The true story of Denmark’s diva of the skies

Actress-turned-stuntwoman Emilie Sannom was both a celebrated cinema star and a pioneer of 20th century aerobatics

This year marks the 76th anniversary of the death of Emilie Sannom, the winsome actress-come-daredevil who pioneered the pursuit of death-defying entertainment throughout the early 20th century.

Though her death came as a shock to nationwide admirers of the country’s first stunt aviatrix, friends close to ‘Mille’ remarked that she herself was prepared to pay the ultimate price for a life in the skies. “A pilot must learn to live with death,” Sannom was once quoted as saying. It wasn’t for nothing that she was often billed in her stunt shows as “the bravest woman in the world”.

Sannom’s life began inauspiciously in September 1892 as the second of six children born to a working-class family in Copenhagen’s Nørrebro neighbourhood. Just before Mille’s first birthday, the family pulled up sticks and moved to Florida, where they settled at an orange farm, only to return to Copenhagen less than a decade later.

Earmarked by the Everglades
Later in life, Sannom cited her years in the wild swamplands of Florida as the catalyst in her decision to become a fearless stunt woman. “Florida is a land that makes you cold-blooded and steel-nerved,” she told Copenhagen publication Monthly Magazine. “It’s teeming with snakes – especially rattlesnakes – and we children were always armed with knives. And then there were crocodiles. My father used to shoot them, and I used to come along for the hunt, on which I later learned to shoot.”

Upon the family’s return to Copenhagen, Camilla Sannom pushed her daughter into acting. By her late teens, Sannom had become the reigning diva of Nørrebro Teater, celebrated for her intense eroticism, fulsome beauty, and screwball sense of humour. In her early 20s, Sannom toured the provinces of Denmark, Sweden, Norway, and Finland with the Peter Fjelstrup acting troupe – a tour whose repertory company included a then-obscure Copenhagen actress named Asta Nielsen, who would later become Europe’s leading  lady of silent film.

READ MORE: ‘Die Asta’: Europe’s first lady of the silver screen

By 1906, Sannom had herself broken into the burgeoning Valby film industry, quickly allying herself with ambitious directors including Ole Olsen and Søren Nielsen. She became known for her adventurous acting style, which enhanced her rambunctious beauty in films like ‘Revenge of the Apache Girl’. Sannom’s first physically-challenging role came in 1911 as Ophelia in the first Scandinavian film production of ‘Hamlet’. In what was an unusually physically robust rendition of the doomed love interest, Ophelia climbed the roof of Kronborg Castle, climbed fearlessly up and down stone walls, and was driven over by an express train.

Daring demise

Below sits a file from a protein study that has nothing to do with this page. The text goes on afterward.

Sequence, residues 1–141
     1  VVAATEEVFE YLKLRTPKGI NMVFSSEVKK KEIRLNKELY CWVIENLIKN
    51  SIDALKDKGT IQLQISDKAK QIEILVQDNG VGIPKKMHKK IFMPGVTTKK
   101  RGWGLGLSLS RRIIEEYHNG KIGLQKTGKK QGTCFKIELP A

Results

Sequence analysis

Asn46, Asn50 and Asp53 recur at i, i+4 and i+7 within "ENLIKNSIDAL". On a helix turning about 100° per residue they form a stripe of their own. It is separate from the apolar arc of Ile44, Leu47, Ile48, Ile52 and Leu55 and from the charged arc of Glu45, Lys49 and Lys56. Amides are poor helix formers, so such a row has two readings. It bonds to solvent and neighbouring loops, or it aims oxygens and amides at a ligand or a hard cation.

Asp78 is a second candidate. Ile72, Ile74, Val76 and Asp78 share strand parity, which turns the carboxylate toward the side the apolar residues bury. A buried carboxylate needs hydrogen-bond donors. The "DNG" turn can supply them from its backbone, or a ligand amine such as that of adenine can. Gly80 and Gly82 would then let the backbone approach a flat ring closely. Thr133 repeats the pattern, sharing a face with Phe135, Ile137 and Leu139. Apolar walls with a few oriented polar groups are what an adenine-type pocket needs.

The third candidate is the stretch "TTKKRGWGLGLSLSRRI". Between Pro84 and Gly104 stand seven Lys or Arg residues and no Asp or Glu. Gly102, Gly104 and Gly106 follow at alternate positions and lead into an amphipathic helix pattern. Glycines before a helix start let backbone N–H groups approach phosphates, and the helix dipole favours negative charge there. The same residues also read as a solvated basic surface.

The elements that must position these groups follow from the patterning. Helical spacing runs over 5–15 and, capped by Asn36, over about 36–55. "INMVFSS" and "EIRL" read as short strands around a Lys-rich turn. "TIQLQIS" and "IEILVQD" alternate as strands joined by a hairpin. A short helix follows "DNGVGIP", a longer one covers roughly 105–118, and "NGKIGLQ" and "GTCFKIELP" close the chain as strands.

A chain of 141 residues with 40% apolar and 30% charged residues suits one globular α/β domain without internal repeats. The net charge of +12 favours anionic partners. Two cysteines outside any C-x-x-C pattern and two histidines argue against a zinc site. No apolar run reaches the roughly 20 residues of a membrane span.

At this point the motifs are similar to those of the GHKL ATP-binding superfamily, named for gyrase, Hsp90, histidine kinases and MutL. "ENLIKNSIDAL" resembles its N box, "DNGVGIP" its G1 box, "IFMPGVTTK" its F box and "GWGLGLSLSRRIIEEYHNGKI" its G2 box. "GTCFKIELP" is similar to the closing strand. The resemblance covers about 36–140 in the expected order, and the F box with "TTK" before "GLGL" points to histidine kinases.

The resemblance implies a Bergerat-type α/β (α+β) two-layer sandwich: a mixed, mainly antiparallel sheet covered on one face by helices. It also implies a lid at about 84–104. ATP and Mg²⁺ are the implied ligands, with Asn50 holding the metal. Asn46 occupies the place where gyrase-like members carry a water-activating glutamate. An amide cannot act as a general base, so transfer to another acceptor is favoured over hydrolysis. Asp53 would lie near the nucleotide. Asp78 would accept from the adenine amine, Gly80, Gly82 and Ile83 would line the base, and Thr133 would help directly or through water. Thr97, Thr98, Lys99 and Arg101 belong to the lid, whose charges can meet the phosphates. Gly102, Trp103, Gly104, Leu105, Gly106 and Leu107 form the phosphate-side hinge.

Her 1923 film ‘Empress of the Skies’ would be Sannom’s final film role, though she left ‘Danish Hollywood’ with a bang. Aerobatics had, in fact, begun in Italy, and Danish director Alfred Lind was dying to bring the art to Scandinavian film. He is rumoured to have said: “I know a crazy girl who’s willing to make the jump,” and Sannom landed the leading role. At the climax of the film’s action sequence, Sannom parachuted from an aeroplane, officially becoming the first stuntwoman in Danish history. In the meantime, Sannom had learned to fly a plane, though she was never formally licenced to do so.

In the years following the end of her film career, Sannom became a full-time stuntwoman, providing airborne entertainment and heavily-promoted stunt jumps at city festivals around the country.

She never underestimated the danger of her unlikely career. As the daredevil told BT newspaper near the end of her life: “No-one could accuse me of being afraid of myself. But there’s just one thing I really am afraid of: the parachute. I trust the airplane blindly, but the parachute is something else.”

READ MORE: Life before Dogma: Denmark’s early film industry

These words echoed prophetically on 30 August 1931, when Sannom was slated to perform a stuntshow in Grenaa on the isle of Djursland. As usual, Sannom would end the show with a parachute jump, but this time was different: an airshow crew member had inadvertently sprung Sannom’s own parachute before her jump, so the stuntwoman had to use a borrowed military chute. At a height of 600 metres, Sannom sprung from the plane and the chute failed to open. Sannom failed to open the chute manually, and she was killed instantly before the crowd of hundreds that had come to see her perform.

Her Nørrebro funeral drew hundreds of colleagues and admirers alike. Emilie Sannom is now laid to rest at Assistens Cemetery.

(photo: Danskefilm)

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